He says this approach helps Nationwide's IT professionals to feel that the work they do individually is connected to the broader purpose of the organisation. Delooze says that if you can create that connection, then it becomes much easier to make people feel engaged and empowered.
"This is really about how do you bring all of these ideas together, such as Agile or bringing run and change together," says Delooze. "One of the components of that work is that if you do this stuff then the pressure and the stress comes off teams because they reach a cadence that allows them to work well and successfully."
4. Make sure people know their work matters
Chris Porter, vice-president for talent acquisition and matching at BP, says the setup and structure of a company is crucial to creating a sense of wellbeing and belonging.
Porter believes BP's recent corporate reorganisation – and it's ongoing transition to becoming a net-zero business by 2050 or sooner – has helped to reduce segmentation and to bring people across the business closer together.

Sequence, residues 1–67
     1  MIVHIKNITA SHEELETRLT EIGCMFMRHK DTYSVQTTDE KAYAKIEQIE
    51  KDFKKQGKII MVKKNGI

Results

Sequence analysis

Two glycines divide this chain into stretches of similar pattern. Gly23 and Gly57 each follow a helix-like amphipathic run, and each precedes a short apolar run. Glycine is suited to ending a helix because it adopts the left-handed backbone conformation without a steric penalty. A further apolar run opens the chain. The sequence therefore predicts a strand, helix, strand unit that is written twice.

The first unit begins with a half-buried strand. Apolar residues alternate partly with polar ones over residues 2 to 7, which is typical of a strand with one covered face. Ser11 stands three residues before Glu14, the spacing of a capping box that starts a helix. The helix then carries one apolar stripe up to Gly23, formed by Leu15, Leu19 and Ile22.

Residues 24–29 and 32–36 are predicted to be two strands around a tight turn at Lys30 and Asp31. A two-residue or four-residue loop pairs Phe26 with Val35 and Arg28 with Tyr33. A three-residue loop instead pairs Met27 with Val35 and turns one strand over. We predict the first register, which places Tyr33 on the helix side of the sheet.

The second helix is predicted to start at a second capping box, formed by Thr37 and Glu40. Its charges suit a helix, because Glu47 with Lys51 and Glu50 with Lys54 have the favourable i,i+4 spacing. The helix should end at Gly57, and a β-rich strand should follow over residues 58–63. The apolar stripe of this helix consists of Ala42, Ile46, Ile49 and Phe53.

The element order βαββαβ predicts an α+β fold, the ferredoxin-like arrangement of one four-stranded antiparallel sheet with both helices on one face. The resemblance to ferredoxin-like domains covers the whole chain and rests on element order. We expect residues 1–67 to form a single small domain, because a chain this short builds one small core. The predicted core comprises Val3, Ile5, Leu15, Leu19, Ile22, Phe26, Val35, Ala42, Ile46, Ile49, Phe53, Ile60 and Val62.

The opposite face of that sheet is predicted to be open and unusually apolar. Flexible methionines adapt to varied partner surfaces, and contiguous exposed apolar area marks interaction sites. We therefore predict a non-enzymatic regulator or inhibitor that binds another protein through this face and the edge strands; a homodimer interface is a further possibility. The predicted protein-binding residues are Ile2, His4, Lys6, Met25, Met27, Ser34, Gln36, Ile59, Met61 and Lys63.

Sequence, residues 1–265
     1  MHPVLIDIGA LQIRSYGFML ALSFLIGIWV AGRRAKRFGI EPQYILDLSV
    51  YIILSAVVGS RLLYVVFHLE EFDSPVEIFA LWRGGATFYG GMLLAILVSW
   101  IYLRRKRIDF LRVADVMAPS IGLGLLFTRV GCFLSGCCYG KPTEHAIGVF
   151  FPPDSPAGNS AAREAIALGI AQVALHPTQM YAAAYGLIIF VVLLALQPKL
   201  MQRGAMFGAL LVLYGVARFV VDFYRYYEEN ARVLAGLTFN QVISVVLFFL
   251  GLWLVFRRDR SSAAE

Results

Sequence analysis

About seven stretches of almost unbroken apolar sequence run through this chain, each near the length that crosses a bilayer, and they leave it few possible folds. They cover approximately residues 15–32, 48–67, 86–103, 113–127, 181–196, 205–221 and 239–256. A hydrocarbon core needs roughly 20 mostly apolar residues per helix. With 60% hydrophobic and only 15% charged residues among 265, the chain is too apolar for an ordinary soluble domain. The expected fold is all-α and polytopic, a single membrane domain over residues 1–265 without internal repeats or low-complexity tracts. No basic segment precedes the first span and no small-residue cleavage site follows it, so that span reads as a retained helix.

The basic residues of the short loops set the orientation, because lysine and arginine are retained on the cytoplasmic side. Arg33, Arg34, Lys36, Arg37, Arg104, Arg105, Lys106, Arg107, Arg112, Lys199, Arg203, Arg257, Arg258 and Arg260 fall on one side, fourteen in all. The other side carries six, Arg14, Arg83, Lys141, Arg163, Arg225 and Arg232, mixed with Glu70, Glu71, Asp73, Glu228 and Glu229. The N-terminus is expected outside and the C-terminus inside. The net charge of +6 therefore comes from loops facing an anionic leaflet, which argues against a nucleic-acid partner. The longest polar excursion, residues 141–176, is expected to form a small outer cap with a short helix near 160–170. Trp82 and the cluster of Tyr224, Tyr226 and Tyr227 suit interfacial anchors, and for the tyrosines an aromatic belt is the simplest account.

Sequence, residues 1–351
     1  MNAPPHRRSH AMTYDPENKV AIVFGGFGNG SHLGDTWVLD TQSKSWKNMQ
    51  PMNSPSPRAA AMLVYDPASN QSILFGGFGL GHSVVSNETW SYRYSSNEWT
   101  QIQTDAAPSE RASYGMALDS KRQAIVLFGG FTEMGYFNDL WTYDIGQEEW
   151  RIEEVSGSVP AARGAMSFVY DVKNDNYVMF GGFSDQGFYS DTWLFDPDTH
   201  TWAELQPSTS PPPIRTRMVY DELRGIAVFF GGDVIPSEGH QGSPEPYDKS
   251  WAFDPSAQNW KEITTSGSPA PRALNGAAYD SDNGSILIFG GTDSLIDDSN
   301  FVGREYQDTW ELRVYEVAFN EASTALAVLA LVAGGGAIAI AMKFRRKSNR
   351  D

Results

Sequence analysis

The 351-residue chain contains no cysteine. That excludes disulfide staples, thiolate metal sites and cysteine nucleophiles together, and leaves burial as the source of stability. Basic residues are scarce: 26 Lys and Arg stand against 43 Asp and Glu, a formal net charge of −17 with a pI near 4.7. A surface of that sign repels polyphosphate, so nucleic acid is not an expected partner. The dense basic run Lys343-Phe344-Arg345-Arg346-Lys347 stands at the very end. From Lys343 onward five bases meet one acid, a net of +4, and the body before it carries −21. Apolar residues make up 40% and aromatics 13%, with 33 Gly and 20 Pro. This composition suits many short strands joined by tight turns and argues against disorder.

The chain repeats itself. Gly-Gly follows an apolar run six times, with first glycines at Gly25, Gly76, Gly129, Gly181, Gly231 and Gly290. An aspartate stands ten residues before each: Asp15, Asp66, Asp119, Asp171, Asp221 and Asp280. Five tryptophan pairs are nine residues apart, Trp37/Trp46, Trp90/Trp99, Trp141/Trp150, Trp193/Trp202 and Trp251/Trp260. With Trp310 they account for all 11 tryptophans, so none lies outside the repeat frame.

"I think that focusing on our purpose is very important, so we've got our ambition and driving toward that as a collective is very powerful. I think there's something important about having a shared goal, and the collective vision," he says.
Porter says another crucial element to building an organisation that people love is making sure the business gives people the right tools and then empowers employees to perform in a meaningful way: "How can we get out of their way, so they can show us exactly what they can do."
Finally, Porter says great leadership is an essential factor when you're trying to create a happy and successful organisation. "You're only ever as good as your leader is," he says.
"I think we really need to focus on that within BP – and we have been, and we will continue to do that. And it's not just leaders who manage people, it's everyone; everyone is a leader, it's about 'how can you really help us shape our future?' And I think with that shared vision and purpose we have now, that becomes a little bit easier."